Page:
The South Korean court which ishandling STX Offshore & Shipbuilding Co. bankruptcy proceedings said Friday, November 4, it had received bids from 4 foreign shipbuilders for the shipyard and its profitable French unit making cruise ships, and hoped to see a deal concluded by the end of 2016.
The four will now undertake due diligence of STX’s assets for up to two weeks before offering final takeover proposals, according to a judge and spokesman for the Seoul Central District Court, which is handling the case.
The judge declined to identify the bidders, or clarify precisely which assets they had bid for. The court said last month buyers would have the choice of purchasing STX Offshore and the French unit separately or as a package.
But the judge did say the court hasn’t received a bid from any Korean shipbuilder.
Creditors and bondholders of STX Offshore will meet Nov. 11 to decide on the company’s debt restructuring plan. If the plan is rejected, the firm will be liquidated.
The sale of STX France is a key part of the restructuring plan by STX—Korea’s fourth largest shipbuilder—which filed for receivership in May and owns two-thirds of the French unit.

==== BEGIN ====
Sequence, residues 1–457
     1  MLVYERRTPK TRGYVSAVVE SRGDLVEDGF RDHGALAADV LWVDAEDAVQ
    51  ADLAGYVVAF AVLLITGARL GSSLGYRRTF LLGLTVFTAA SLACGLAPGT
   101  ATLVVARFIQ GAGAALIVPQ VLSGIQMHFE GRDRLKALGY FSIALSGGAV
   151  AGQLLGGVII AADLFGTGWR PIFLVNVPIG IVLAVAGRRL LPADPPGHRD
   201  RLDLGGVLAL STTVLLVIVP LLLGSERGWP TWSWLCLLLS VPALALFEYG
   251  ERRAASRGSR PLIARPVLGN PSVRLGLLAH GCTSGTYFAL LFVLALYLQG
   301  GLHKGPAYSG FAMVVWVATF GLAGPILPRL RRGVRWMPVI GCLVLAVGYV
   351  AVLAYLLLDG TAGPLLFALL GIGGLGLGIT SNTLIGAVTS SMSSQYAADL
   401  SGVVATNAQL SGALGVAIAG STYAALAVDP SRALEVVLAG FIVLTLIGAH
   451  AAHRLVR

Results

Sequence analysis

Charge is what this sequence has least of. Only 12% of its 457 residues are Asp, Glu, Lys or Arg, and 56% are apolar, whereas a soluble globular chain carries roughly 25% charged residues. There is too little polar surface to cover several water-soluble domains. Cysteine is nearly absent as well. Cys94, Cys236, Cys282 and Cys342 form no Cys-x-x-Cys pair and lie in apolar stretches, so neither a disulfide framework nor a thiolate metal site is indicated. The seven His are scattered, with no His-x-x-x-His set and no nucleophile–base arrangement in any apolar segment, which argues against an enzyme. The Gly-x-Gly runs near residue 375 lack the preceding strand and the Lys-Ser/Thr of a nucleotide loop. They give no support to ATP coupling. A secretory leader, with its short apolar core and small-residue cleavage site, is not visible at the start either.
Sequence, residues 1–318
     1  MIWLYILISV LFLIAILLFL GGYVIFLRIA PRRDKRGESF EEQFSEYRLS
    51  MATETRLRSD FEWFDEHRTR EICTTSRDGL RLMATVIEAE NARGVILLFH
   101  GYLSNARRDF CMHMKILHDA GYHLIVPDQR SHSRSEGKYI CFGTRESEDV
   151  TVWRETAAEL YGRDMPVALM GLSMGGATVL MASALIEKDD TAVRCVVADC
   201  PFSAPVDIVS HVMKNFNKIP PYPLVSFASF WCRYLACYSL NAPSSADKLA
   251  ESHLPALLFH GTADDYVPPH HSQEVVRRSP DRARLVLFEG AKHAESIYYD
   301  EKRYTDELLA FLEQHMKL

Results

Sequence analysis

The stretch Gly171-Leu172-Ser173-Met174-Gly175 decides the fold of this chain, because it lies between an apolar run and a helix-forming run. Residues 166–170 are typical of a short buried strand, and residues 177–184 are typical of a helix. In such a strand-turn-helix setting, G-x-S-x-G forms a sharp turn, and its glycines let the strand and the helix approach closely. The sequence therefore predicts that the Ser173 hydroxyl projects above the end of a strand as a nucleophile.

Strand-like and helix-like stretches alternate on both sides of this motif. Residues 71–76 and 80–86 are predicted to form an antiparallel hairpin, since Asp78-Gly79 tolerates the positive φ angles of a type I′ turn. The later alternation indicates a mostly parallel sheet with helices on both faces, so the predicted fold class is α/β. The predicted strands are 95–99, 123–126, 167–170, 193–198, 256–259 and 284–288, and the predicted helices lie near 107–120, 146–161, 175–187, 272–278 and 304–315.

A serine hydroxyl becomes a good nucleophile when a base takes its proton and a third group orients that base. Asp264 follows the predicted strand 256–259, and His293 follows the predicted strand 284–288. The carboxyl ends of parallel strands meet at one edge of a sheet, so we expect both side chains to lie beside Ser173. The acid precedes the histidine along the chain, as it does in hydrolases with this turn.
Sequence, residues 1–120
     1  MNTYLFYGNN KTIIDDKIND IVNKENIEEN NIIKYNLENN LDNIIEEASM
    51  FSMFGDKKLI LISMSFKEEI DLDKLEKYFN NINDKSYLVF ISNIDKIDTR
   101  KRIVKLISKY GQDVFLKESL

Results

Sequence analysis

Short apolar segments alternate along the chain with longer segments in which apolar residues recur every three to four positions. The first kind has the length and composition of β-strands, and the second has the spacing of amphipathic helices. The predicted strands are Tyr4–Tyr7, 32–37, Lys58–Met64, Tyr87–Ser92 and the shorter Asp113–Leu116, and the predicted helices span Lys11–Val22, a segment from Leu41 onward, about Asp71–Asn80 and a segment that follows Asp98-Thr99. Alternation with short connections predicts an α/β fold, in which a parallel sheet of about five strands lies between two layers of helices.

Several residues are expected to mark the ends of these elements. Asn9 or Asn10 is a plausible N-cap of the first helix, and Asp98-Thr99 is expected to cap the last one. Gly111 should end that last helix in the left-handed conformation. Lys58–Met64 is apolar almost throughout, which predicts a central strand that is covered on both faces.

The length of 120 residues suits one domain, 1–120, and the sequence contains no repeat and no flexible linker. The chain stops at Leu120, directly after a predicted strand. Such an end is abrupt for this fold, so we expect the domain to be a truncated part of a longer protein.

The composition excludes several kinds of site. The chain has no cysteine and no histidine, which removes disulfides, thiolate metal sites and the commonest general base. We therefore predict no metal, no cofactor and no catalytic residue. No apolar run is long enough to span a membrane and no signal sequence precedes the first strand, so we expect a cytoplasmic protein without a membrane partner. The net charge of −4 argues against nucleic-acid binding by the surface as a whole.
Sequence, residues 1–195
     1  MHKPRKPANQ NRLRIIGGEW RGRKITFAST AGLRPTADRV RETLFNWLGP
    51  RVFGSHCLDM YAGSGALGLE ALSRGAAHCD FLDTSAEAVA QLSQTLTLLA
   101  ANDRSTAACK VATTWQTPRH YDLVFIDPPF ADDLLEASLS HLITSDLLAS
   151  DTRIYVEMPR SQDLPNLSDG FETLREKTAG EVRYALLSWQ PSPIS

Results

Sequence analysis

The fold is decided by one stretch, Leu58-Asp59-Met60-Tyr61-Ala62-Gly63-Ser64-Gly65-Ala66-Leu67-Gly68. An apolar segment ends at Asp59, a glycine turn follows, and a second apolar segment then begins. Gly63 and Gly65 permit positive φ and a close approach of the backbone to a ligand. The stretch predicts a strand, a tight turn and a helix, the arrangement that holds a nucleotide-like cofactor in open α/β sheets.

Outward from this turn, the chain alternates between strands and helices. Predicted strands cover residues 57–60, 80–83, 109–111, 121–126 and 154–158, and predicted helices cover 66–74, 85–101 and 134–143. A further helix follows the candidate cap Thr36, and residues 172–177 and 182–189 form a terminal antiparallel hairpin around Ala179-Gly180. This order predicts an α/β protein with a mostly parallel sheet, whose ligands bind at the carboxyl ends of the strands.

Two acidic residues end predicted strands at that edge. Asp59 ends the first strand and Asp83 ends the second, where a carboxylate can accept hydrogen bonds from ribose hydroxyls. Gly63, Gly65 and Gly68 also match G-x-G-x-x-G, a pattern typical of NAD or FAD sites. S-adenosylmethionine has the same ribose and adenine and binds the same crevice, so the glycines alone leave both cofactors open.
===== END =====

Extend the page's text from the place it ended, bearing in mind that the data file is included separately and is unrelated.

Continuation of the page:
Italian shipbuilding giant Fincantieri SpA and Dutch counterpart Damen Shipyards Group are in the running to buy STX France, a person with direct knowledge of the matter told The Wall Street Journal in September.
The Seoul Economic Daily, citing industry sources, said the bidders for STX France also include French state-controlled naval shipbuilder DCNS as well as Fincantieri and Damen.
Officials at the European shipbuilders couldn’t be reached for comment.
Creditors have pumped in billions of dollars to bail out STX Offshore, but it still ran up a 314 billion won (nearly $280 million) operating loss last year, following a 1.5 trillion won loss in 2014. The company owes financial institutions nearly 6 trillion won.
Korea is home to the world’s three largest shipyards: Hyundai Heavy Industries Co., Daewoo Shipbuilding & Marine Engineering Co. and Samsung Heavy Industries Co. All three are undergoing corporate overhauls that include layoffs and the sale of noncore assets, after being buffeted by shrinking orders amid weak freight rates and competition from lower-cost Chinese rivals.